This year’s ballot issues will focus almost entirely on progress made last year toward increasing Boulder’s environmental friendliness. The main focus is on municipalization as the city continues to explore options of detaching from Xcel Energy, the current utility.
In December 2016, the Boulder City Council adopted several goals to plan for a healthier energy future. Outlined in the “Climate Commitment” document, these goals include decreasing the city’s greenhouse gas emissions and promoting renewable energy sources like wind and solar. This leads to two ultimate goals: produce 100 percent renewable electricity by 2030 and reduce carbon emissions by 80 percent by 2050.
According to the City of Boulder, the creation of a municipal electric utility would function as one solution to reaching these energy goals. If the city does not succeed in creating a municipal electric utility, a continued partnership with Xcel Energy that prioritizes Boulder’s environmental health presents itself as a viable option.
The following ballot measures present voters with several options focused on the city’s efforts to move forward with its municipalization plan. The full text of these can be found on the city’s website.
Ballot issue 2L: Extension and raise of the portion of the existing Utility Occupation Tax that funds municipalization
In 2010, voters agreed to pay a utility occupation tax (UOT) to go into the city’s general fund after Xcel Energy’s franchise agreement with the city ended. The following year, voters chose to pay slightly more between 2012 and 2017, allowing the extra UOT to go toward funding the costs of setting up a municipal electric utility.
As of this year, municipalization costs have exceeded the funds collected by the extra UOT, which expires at the end of this year. This raises the need for more funding.
A “yes” vote to 2L allows the city to continue collecting UOT for the next five years, with an average $2.30 increase per month per resident during the first two years.
A “no” vote will result in the expiration of the UOT at the end of the year.
Ballot Question 2O: A charter amendment to require a citizen vote prior to incurring debt for separation construction
There would certainly be many construction costs associated with municipalization. Construction costs might include expanding and building substations, transformers, utility poles and more.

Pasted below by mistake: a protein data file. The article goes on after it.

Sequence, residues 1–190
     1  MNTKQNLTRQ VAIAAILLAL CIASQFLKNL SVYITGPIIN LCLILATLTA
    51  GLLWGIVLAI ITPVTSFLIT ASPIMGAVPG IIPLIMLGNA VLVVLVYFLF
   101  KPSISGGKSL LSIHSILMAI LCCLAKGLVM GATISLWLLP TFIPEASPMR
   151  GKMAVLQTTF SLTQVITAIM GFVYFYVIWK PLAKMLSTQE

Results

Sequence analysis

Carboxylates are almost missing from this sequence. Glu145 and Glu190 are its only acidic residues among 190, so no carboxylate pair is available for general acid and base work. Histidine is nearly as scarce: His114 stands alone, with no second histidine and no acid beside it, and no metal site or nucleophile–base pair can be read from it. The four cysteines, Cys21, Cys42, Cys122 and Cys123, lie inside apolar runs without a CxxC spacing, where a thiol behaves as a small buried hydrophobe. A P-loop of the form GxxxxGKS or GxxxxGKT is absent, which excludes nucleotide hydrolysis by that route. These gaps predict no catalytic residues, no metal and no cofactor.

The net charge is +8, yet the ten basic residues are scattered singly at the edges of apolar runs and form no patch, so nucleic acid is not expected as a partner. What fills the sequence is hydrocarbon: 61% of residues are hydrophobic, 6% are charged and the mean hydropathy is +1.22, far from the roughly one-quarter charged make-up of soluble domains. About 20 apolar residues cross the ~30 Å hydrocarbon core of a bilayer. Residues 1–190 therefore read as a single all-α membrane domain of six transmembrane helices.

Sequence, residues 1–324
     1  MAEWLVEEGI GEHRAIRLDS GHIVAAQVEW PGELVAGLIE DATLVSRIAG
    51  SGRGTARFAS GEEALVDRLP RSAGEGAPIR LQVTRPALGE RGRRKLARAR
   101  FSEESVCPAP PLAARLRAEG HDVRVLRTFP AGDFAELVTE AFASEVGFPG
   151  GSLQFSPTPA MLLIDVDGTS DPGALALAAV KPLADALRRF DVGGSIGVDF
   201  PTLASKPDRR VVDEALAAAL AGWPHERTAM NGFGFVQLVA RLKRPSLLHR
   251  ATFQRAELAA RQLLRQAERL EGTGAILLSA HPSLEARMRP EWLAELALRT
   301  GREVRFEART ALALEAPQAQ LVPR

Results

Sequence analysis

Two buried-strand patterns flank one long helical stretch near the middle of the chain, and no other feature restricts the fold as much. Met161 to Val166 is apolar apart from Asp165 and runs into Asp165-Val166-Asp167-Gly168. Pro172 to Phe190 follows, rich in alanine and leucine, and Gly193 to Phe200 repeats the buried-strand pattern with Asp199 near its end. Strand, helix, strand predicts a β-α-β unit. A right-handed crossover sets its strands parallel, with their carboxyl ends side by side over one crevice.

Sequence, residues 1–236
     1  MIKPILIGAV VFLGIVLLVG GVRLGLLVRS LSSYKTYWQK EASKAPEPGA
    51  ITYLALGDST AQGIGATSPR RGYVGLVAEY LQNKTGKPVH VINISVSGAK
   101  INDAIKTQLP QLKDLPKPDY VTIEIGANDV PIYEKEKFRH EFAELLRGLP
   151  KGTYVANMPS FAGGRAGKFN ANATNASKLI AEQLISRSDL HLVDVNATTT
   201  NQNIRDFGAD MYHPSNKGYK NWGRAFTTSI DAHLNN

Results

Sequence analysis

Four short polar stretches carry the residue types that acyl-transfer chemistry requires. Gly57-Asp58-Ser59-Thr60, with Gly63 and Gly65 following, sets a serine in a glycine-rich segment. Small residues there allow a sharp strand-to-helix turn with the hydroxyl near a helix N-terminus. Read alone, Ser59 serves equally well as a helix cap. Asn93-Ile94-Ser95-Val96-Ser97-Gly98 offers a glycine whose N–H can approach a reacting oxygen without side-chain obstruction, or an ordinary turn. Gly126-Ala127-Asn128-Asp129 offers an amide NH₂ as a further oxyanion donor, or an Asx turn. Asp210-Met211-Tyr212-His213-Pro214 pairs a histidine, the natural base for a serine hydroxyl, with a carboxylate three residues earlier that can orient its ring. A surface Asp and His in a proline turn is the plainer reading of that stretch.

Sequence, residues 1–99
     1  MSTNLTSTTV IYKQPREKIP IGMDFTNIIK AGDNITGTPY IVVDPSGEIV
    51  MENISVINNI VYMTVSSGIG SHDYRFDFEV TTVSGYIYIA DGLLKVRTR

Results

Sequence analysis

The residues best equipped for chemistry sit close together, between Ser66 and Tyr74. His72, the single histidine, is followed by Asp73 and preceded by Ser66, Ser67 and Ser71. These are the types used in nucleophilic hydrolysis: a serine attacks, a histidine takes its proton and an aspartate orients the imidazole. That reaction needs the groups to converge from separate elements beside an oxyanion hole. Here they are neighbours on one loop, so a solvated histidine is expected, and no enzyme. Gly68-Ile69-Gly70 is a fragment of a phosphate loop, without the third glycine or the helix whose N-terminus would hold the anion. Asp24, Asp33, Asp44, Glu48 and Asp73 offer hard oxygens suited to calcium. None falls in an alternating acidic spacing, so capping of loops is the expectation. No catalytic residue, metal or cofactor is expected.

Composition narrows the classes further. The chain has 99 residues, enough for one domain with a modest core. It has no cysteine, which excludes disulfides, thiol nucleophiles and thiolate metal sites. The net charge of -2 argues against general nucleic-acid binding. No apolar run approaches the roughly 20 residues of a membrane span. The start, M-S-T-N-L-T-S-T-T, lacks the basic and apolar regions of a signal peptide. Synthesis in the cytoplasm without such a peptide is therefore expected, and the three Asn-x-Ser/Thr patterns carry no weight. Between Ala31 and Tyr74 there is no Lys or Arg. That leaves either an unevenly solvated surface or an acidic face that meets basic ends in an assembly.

In order to fund this project, the City Council may issue debt to the city in order to acquire the necessary assets. The City Council will have a better estimate of these costs in a few years.
A “yes” vote would require the City Council to seek the approval of voters during an election before moving forward. It would allow the city to incur debt as a means of funding the start up of local electric utility.
A “no” vote would allow City Council to act as it sees fit without voter decisions.
Ballot Question 2P: Extending Council’s authority to hold executive sessions to discuss legal strategy related to municipalization
This question discusses the City Council’s authority to hold meetings in order to further plans for municipalization.
In 2014, voters gave the Council the authority to conduct such meetings in private. However, that authority will expire at the end of 2017.
A “yes” vote would allow the Council to hold executive sessions until 2023, with some exceptions. For example, all discussions about franchise agreements with Xcel Energy would be required to occur in public meetings.
A “no” vote would lead to the expiration of these types of meetings by the end of the year.
The council cannot vote or officially make decisions while in executive session, as restricted under the Colorado Open Meetings Law. Its primary use is for discussion.
No matter how residents vote on any of these questions, the outcome of the election will greatly impact Boulder’s energy future and the health of the environment.
Contact CU Independent News Staff Writer Eliza Radeka at email@example.com.